A team of German and Indonesian scientists will set sail Tuesday for Sumatra island to install a tsunami warning system in the region worst hit by last year's Asian killer wave.
The system involves sensors on the ocean floor and giant buoys on the surface of the sea that transmit information about earthquake activity to observation stations on the coast via satellite.
The setup will be able to notify the observation stations within 10 minutes of a tsunami-strength earthquake. They will then automatically alert local media and residents via mobile phone text message, e-mail and fax, said Idwan Suhardi, a scientist from Indonesia's ministry of research and technology.
It will be operational in Sumatra by the end of the year, said Suhardi.
"The system offers the possibility of very fast and also reliable warnings," said Freider Meyer Krahmer, state secretary at Germany's Ministry of Education and Research, at a ceremony on board the Sonne, a German research vessel.
"It will not only warn against tsunamis, but also other hazards such as volcanic eruptions and storms," he said. The system will eventually be expanded to cover all of Indonesia, one of the most seismically active regions in the world.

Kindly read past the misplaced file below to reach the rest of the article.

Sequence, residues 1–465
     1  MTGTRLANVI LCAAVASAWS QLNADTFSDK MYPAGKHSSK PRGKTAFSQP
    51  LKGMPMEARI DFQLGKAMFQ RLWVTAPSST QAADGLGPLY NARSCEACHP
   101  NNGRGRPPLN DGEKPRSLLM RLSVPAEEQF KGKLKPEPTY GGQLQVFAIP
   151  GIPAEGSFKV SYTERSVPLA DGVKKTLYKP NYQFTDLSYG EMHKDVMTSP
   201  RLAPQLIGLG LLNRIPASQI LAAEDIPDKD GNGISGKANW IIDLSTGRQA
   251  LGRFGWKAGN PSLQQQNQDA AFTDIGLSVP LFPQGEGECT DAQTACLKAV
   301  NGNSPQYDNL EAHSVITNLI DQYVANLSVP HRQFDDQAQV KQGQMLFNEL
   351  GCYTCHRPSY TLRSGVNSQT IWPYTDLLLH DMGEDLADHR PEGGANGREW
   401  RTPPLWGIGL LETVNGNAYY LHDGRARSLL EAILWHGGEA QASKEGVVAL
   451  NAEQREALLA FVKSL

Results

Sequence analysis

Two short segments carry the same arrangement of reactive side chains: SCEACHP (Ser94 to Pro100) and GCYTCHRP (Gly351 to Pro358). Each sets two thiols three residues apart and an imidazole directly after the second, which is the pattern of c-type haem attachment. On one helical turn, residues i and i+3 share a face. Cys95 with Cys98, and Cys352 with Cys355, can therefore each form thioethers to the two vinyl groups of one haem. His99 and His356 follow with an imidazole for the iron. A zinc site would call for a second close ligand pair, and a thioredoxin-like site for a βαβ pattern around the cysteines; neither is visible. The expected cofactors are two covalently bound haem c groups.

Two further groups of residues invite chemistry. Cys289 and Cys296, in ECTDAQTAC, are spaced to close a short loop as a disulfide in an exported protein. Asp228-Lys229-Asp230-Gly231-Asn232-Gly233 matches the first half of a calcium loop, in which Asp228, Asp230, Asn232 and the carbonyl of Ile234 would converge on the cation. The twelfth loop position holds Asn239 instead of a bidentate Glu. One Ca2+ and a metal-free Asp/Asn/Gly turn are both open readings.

The Dec. 26 earthquake and tsunami killed or left missing more than 220,000 people in 11 Indian Ocean nations. Sumatra, on the westernmost end of the Indonesian archipelago, was the hardest hit, losing some 128,000 people.
Sumatra has been wracked by scores of powerful aftershocks since the monster quake that generated the tsunami last year. Experts say the fault line that triggered that temblor is unstable and may produce another massive quake soon, reports the AP.
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